Monster Truck hit North London... in a Monster Truck

It’s like the time when Pink Floyd wrapped themselves in pink for a photoshoot. Or when Snoop Dogg’s dog got an Instagram account. Or when Thunder played in a thunderstorm at Download (OK, that might not have been planned). Yes, the Very Literal Publicity Stunt has been done before. Though seldom this literally.

But it happened. They did it. Mascot Label Group – distinguished home of Joe Bonamassa, Walter Trout and other heavyweights – put Canadian hard rockers Monster Truck in a monster truck. Not figuratively. Not even in Photoshop. They literally got a monster truck and put Monster Truck in it. And drove around London, from Westminster to Camden. Monster Truck IN A MONSTER TRUCK.


Well, we say Monster Truck. We mean a quarter of them – amiable, beardy guitarist Jeremy Widerman, who’s flown in to promote their new album Sittin’ Heavy. He seems as disbelieving as we are that his label have actually gone ahead with this most literal of publicity stunts. Not that it hasn’t been suggested before, of course.

“Everybody’s talked about it,” Jeremy nods, having gone for a spin round Big Ben and the Houses of Parliament, “but we’ve never been able to actually put it together. All of our die-hard fans, who’ve been clamouring for this for years, are pissed; they want it to be in Canada. So it’s funny that it’s now happening in London, where the roads are twice as narrow!”

And Big Ben’s not the most obvious pairing for a monster truck.

“But it’s more fun,” he says. “And our fan base back home like seeing us overseas, trying to spread the gospel over here.”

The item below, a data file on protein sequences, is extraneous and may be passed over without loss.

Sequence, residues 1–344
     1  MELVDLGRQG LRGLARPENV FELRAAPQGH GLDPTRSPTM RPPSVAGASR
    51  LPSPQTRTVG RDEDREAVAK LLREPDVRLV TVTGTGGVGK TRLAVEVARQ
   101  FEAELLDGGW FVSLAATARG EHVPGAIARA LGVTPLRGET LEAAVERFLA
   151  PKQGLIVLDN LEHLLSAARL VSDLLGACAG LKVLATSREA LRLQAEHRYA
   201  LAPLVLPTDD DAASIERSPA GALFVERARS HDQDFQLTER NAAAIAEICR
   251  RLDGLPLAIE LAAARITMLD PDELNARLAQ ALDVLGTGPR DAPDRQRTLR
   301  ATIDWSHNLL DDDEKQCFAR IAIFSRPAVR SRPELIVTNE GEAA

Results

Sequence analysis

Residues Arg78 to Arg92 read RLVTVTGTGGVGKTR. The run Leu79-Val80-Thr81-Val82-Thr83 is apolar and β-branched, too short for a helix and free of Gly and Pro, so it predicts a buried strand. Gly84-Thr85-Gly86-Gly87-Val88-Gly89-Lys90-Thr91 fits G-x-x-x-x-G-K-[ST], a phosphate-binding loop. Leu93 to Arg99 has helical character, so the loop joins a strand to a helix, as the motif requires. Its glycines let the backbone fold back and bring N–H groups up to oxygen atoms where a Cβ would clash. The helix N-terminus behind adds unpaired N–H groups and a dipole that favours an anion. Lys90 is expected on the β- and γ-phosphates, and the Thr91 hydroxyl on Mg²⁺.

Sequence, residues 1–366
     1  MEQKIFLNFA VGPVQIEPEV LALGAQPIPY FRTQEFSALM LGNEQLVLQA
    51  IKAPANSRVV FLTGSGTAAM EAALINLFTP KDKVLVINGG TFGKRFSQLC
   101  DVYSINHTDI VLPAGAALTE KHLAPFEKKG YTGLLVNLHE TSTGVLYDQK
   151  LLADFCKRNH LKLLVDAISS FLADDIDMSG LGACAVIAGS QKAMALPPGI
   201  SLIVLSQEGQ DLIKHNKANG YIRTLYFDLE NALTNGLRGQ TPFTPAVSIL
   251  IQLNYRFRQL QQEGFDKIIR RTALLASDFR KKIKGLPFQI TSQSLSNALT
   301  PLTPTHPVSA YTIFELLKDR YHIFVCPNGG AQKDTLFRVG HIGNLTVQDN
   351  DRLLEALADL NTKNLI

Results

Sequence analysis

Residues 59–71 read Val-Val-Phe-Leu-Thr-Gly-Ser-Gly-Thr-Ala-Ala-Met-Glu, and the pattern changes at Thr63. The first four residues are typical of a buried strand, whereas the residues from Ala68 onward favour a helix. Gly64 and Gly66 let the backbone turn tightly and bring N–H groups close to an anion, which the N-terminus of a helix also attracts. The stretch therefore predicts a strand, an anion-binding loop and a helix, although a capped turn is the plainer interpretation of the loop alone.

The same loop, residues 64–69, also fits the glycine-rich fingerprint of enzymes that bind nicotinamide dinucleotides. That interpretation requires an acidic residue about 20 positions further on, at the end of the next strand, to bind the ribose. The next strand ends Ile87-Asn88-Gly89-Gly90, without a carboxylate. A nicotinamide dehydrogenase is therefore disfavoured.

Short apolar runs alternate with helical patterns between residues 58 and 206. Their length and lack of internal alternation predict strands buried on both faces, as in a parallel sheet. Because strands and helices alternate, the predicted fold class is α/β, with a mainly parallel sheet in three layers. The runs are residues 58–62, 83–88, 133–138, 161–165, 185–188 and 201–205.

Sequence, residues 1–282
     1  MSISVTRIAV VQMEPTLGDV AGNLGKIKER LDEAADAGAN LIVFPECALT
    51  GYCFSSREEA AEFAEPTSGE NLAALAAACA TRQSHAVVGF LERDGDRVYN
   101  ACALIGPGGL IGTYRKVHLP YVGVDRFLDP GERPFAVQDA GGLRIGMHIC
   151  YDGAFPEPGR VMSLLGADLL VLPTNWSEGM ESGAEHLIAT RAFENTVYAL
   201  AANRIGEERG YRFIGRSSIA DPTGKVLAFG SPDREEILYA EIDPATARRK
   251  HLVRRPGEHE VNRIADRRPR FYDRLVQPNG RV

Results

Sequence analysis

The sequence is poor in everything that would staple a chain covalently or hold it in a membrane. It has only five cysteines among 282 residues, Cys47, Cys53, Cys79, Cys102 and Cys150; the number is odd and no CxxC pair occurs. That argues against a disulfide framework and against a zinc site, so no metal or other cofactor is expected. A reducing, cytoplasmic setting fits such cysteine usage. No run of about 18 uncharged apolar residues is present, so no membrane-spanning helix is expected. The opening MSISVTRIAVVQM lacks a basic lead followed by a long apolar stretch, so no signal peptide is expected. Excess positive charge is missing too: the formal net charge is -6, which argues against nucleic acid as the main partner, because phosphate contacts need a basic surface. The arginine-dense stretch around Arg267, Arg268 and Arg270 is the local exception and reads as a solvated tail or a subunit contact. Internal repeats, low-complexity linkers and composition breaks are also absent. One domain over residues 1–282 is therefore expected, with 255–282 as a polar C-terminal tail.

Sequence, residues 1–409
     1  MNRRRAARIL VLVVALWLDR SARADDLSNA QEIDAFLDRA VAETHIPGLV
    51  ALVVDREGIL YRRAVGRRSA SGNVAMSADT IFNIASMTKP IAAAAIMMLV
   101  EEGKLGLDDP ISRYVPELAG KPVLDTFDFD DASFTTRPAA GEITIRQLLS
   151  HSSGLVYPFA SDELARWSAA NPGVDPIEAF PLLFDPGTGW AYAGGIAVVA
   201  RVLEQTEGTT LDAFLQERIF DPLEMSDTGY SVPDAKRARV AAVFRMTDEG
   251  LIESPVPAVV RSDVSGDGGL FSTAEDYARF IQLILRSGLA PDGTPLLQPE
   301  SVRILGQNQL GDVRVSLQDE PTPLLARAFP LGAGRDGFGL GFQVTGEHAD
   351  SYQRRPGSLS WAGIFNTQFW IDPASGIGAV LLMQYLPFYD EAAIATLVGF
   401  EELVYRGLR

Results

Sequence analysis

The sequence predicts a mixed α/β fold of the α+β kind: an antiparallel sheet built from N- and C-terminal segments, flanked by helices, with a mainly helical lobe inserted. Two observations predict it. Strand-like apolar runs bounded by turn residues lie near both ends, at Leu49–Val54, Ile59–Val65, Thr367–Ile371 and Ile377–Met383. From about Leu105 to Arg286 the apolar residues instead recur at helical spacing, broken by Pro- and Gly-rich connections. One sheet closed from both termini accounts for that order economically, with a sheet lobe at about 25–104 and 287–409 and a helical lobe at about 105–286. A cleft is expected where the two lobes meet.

Are any of Monster Truck monster truck enthusiasts?

“No, not really.”

You are popular with truckers, though, as well as hockey teams, power lifters…

“Yeah, those kinds of people who like that kind of stuff, they do like rock’n’roll music,” he agrees. “They’re not listening to fucking dubstep.”

Indeed, the need for big trucks is probably greater near Monster Truck’s homeland (Hamilton, Ontario). But this is England – home of the country lane and the mini. Do we even do monster trucks here?

The vessel rolls up at TeamRock HQ and, fair play, it is an actual proper monster truck. It’s huge. According to our driver, it’s become an increasingly in-demand vehicle in the UK. “We do teenage proms and weddings,” he tells us. “The white limo finished about five or ten years ago. Now people want tanks and monster trucks.

The Monster Truck outside TeamRock HQ

The Monster Truck outside TeamRock HQ (Image credit: Will Ireland)

As we drive into drizzly Camden Sittin’ Heavy blasts out from truck-top speakers. Me, Jeremy and photographer Will hunch in the back, the walls pulsating. It’s an incredibly bling ride, but the album’s a good ‘un – a beefy, slightly more ‘grown-up’ graduation from 2013’s Furiosity. We stop outside the Underworld for some photos. As Jeremy gamely throws some shapes, one woman pulls her two small children next to the truck for a photo. A gaggle of schoolgirls watch on, taking snaps with iPhones.

The Monster Truck stops for Falafel